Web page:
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When Latinos pursue community college bachelor’s degrees, most find success


Community college students

Foothill College in Los Altos Hills is in the Foothill-De Anza Community College District in Santa Clara County.

Credit: Barbara Kinney

Latino students are enrolling at low rates in bachelor’s degree programs at California’s community colleges. But many of those who do enroll are graduating quickly and finding work after leaving college.

That’s the takeaway from a new study by UCLA’s Latino Policy & Politics Institute examining outcomes for Latino students in baccalaureate programs at 15 of the state’s community colleges. An increasing number of community colleges now offer such programs, giving students a simpler path to a four-year degree.

But, in many of the programs, Latino students are not applying or enrolling at high rates. Across the programs, which range from equine and ranch management at Feather River College to dental hygiene at West Los Angeles College, just 30.1% of students are Latino. That’s much lower than the 46% of students at those colleges who are Latino.

To address that gap, the study calls for greater recruitment of Latino students to the programs and for the state to invest more money in the programs.

However, for the students who do enroll, 64% of them finish their degree within two years after starting their upper-division coursework. That’s comparable to non-Latino students, 68% of whom graduate within two years after starting those classes.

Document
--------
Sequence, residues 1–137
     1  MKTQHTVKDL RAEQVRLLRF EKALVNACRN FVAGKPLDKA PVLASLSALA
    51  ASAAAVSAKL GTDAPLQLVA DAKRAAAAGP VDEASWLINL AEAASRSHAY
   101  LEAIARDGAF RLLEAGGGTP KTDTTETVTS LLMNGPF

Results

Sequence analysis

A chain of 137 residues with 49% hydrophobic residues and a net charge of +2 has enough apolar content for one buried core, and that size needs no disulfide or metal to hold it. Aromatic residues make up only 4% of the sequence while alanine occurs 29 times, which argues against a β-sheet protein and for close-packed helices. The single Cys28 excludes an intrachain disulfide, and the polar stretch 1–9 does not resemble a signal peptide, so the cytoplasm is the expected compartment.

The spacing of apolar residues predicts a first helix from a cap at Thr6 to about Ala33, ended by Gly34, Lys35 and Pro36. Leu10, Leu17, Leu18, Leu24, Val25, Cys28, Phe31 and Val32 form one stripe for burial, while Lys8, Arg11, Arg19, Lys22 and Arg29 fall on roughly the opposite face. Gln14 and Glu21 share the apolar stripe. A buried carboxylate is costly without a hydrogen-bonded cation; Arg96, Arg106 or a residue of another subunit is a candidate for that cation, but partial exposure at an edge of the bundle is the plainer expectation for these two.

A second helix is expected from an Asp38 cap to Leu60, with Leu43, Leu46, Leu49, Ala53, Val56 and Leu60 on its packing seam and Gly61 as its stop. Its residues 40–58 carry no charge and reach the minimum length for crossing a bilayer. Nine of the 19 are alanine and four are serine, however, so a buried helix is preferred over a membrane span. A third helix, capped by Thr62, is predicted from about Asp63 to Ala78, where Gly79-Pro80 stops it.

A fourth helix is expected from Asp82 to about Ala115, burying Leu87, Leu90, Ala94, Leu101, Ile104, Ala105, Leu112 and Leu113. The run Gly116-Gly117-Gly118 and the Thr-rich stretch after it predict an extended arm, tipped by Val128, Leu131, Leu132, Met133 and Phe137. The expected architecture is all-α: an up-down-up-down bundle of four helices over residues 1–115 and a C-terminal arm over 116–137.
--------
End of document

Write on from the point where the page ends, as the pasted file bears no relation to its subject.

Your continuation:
Following graduation, the vast majority of Latino students in the bachelor’s degree majors  — 94% of them — reported being employed. On average, they earned $22,600 more annually than they did prior to starting the program.

Those outcomes are encouraging, but the colleges could benefit from a “public awareness campaign” to make sure Latino students know about the bachelor’s degree programs available to them, said Cecilia Rios-Aguilar, one of the report’s authors.

“We have this tool now, so let’s make sure people are aware. We’re seeing very promising results once they’re there. But we want to make sure that they get there,” added Rios-Aguilar, who is a professor of education and the associate dean of equity, diversity and inclusion at UCLA’s Graduate School of Education and Information Studies.

The bachelor’s degrees are more affordable for students than attending a University of California or California State University campus. Students can finish their degree for just $10,560 in tuition and fees, less than half of what it costs at UC or Cal State. Lower-division classes at the community college are $46 per unit, while the upper-division courses in the bachelor’s degree programs cost the same $46 enrollment fee plus a supplemental $84 fee.

Community college students with financial need can often qualify for state aid to fully cover those costs. That typically includes a California College Promise Grant to cover their lower-division fees and a Cal Grant to cover the $84-per-unit upper-division fees.